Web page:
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PostPosted: Sat Oct 13, 2018 3:14 pm 
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First place to start is definitely with your doctor. It may not even be an option for you, and they can tell you that pretty quickly.
That's probably true. Of course, what is a shame is that weight-loss methods other than surgery often don't work in the long(er)-run. :(


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PostPosted: Thu Oct 18, 2018 9:27 am 
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Of course, what is a shame is that weight-loss methods other than surgery often don't work in the long(er)-run. :(
That's absolutely not true. There are definitely solutions, the only problem is that most people don't like them, so they don't do them. Ergo, nothing changes. If this shit were easy, we'd all look like supermodels. It's simple - more exercise, and better food. Maybe not even less food, just different and better food.

When you say that you don't have much muscle, that's a great start point right there. Building muscle through exercise would allow you to eat relatively more, as muscle requires more energy for maintenance than fat. Someone who's 6' and 230lb of muscle, and works out, can eat 5000 calories a day and not gain weight. You'd be lucky if you could eat half that without packing it on.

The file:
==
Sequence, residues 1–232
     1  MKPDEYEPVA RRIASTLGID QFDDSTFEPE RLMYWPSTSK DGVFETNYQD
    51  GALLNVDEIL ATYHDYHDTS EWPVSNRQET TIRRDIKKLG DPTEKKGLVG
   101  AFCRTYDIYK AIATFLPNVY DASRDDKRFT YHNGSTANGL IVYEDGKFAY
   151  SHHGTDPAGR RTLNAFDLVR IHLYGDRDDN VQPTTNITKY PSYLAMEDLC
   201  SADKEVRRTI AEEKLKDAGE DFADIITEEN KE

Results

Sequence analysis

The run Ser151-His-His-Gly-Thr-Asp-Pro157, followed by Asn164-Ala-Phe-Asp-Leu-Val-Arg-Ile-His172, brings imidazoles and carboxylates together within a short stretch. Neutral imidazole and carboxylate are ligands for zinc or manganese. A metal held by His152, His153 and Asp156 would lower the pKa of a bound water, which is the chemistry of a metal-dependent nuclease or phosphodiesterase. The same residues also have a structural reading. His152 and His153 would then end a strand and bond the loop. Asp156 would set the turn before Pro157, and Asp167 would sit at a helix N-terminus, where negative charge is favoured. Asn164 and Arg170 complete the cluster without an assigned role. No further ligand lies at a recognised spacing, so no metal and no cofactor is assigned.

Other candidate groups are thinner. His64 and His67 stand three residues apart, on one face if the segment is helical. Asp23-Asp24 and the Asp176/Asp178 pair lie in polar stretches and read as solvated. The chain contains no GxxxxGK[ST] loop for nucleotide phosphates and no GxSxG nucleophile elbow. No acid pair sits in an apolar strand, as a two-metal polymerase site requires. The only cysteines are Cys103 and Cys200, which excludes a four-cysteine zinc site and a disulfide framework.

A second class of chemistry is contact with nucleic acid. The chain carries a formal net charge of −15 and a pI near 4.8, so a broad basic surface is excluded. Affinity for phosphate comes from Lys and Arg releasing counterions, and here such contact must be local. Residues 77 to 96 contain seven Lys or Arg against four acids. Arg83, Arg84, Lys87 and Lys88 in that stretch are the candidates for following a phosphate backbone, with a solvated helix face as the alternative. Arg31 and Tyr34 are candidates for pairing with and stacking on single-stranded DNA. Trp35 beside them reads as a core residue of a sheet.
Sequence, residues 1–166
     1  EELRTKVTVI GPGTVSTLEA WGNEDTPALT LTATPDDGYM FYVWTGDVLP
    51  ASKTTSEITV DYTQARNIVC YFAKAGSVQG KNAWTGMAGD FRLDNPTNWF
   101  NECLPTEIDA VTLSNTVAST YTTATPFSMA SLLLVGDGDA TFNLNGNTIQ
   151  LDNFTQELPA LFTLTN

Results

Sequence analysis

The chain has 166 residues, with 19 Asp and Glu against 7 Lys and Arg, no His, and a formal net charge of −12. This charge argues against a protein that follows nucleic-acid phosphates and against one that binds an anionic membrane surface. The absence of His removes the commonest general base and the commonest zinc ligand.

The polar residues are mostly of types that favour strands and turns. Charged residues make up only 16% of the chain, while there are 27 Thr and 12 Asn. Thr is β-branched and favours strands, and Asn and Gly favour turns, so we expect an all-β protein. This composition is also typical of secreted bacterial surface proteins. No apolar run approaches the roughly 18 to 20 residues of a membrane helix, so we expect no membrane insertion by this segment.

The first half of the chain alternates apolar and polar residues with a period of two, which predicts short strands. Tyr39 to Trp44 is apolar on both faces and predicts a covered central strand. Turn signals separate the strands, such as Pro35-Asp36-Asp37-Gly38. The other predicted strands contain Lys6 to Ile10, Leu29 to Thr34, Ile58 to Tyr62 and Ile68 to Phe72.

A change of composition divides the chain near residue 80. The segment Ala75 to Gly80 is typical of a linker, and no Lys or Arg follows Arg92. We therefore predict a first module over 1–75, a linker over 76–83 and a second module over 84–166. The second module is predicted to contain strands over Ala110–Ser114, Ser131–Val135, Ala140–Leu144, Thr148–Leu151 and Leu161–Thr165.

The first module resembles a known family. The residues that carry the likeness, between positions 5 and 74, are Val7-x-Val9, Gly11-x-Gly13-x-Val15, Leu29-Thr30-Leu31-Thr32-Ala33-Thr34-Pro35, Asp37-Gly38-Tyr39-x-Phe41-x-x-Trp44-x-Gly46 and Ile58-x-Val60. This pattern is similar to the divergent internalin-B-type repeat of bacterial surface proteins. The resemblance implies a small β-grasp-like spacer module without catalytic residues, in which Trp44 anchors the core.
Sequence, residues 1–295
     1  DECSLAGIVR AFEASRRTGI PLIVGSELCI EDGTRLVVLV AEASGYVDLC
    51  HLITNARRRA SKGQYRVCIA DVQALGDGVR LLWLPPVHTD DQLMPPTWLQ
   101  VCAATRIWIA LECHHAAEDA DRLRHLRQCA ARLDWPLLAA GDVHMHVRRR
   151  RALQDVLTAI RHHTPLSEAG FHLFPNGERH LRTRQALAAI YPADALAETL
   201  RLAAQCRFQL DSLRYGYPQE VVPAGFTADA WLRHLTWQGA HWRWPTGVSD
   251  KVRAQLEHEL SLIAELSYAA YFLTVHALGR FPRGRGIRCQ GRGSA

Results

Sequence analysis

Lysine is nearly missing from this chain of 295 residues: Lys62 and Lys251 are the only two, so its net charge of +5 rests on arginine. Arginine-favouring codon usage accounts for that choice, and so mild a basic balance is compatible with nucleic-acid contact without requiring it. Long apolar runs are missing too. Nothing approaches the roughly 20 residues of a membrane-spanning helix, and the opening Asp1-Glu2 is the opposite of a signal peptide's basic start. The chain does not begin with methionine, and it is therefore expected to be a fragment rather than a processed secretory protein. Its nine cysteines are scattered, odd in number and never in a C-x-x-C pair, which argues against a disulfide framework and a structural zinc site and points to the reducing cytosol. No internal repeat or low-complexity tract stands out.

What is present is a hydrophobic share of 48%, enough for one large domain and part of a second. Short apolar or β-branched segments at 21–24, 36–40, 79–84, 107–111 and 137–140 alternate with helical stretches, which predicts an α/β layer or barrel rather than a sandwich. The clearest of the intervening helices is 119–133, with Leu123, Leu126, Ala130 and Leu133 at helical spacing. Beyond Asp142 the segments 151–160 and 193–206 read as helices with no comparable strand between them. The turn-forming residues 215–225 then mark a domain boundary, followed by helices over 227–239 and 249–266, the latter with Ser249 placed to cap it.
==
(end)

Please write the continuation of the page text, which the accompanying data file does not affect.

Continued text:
Exercise is a component, but food - the type, timing, and amount of it - is 80% of the puzzle. Get that right, and add in some gentle exercise (even half an hour of brisk walking a day will make a difference) and weight would fall off you. For me personally, I enjoy exercise, and I really enjoy the fact that it lets me eat a shit-ton of food and keep a steady weight. I'd rather exercise and eat than not exercise and have to deny myself.

But as I said - committing to losing weight is a lifestyle, not something that you do until you get tired of it, and that's way too difficult for most people. You said it yourself - it's a discipline. But the interesting thing is that the better you eat ... when you wean yourself off the addictions you've probably built to salt, sugar and fat ... the better you WANT to eat. It gets easier, much easier, once you get over the hump.

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PostPosted: Thu Oct 18, 2018 11:53 am 
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,,,,but food - the type, timing, and amount of it - is 80% of the puzzle. Get that right, and add in some gentle exercise (even half an hour of brisk walking a day will make a difference) and weight would fall off you.
But as I said - committing to losing weight is a lifestyle, not something that you do until you get tired of it, and that's way too difficult for most people.
Very true and I'm living proof of this, having tried every diet under the Sun only to pile it back on again and then some, until I took a much closer look at what I was eating and figuring out what were the foods causing the problem and what wasn't.